By Cora Lewis
Dear Mrs. Obama,
Please think of me as an unofficial member of your advance team (I know I did).
I have been living and working at a private school in Gaborone now for just over two weeks: a twenty-year-old, female, American college student test balloon released into Botswana’s early winter skies. The air is fine, the view majestic. But there are a few troubling clouds casting shadows on the horizon.
Economic uncertainty and the slow-changing role of women here have stood out to me as worrisome aspects of the local climate. And, while I am nowhere near as well equipped to brief you as any native citizen, and I am still getting my bearings, I hope my fresh eyes might still offer a valuable perspective.
To quickly run through my bare-bones understanding of recent events: Since the global economic recession three years ago, the dip in international demand for diamonds sent a clear message to Botswana that the nation must diversify its sources of revenue if it hopes to maintain economic stability and growth.
Cattle and tourism make up the country’s other two main sources of wealth, but diamonds alone still contribute more than 40 percent of Botswana’s GDP. Furthermore, in 2008, the government took the austerity measure of freezing public workers’ salaries, and the subsequent lack of any wage increases recently culminated in civil unrest and a six-week strike by public workers.
Approximately one third of the country lives in poverty, evidenced in part by the ramshackle state of cinderblock homes in Old Naledi, Gaborone’s poorest neighborhood.
None of this is lost on the high school students with whom I’ve spoken. In addition to constantly checking the latest updates on their Facebook newsfeeds and dancing to Beyonc├® in down time, they are understandably preoccupied with eventually entering careers and the world of professionalism.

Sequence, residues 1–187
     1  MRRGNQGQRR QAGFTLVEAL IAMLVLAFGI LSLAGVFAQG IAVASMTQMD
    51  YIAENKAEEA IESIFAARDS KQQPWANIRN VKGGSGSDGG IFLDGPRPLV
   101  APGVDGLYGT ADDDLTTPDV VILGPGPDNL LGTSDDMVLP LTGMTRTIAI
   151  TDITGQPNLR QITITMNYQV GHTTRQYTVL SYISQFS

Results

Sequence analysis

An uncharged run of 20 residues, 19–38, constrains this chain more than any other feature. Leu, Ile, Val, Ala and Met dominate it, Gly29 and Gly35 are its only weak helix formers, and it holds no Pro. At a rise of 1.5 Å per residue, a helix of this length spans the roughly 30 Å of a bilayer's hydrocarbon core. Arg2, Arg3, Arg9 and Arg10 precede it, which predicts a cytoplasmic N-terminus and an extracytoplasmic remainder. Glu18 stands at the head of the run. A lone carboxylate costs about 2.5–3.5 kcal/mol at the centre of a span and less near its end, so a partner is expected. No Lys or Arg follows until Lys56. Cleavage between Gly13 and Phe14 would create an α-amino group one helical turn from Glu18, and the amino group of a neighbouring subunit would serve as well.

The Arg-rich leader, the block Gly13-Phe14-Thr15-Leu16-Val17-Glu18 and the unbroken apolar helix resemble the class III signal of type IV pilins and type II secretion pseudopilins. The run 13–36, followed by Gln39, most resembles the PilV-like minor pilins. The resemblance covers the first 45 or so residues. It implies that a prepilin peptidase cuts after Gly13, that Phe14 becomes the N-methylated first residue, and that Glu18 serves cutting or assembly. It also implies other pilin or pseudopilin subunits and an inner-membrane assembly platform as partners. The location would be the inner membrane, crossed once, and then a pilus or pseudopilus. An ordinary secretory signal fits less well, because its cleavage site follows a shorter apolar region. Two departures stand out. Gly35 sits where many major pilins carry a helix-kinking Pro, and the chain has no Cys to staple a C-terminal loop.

When pressed, many offer up future plans in medicine and engineering, or in fields related to technology. Exams, SAT’s, and college preparation, seen as stepping-stones to well-paying work and security, fill their days.
To be clear, I am mainly working with kids who are aiming for scholarships to schools in the United States and abroad, but even so, preferences for math and science over other subjects at the school are marked.
As teaching assistants, we were urged on arrival to set up tutoring sessions in the library and to make frequent book suggestions, to encourage reading and writing, since English and related subjects get short shrift. Critical reading scores on standardized tests significantly lag behind math and science evaluations.
When I asked one student why it seems few kids are interested in the humanities, the answer came quickly and rhetorically: “What kind of a job can you get with those subjects?” Of course, the same fear – that a degree in English won’t be worth the paper it’s printed on – persists back home, but the trend in both countries is regrettable.
To the best of my (still-limited) knowledge, Botswana has a healthy culture of freedom of the press that would benefit from new generations of journalists asking questions and investigating the issues of their day. Botswana often receives praise from the international community for its relative lack of corruption, compared with other African countries, but minority voices claim that it is simply the most effective at brushing its moderate share of wrongdoing under the rug. Writers and lawyers, social scientists and political activists will be needed to inherit, scrutinize, and improve on past successes and remedy past shortcomings.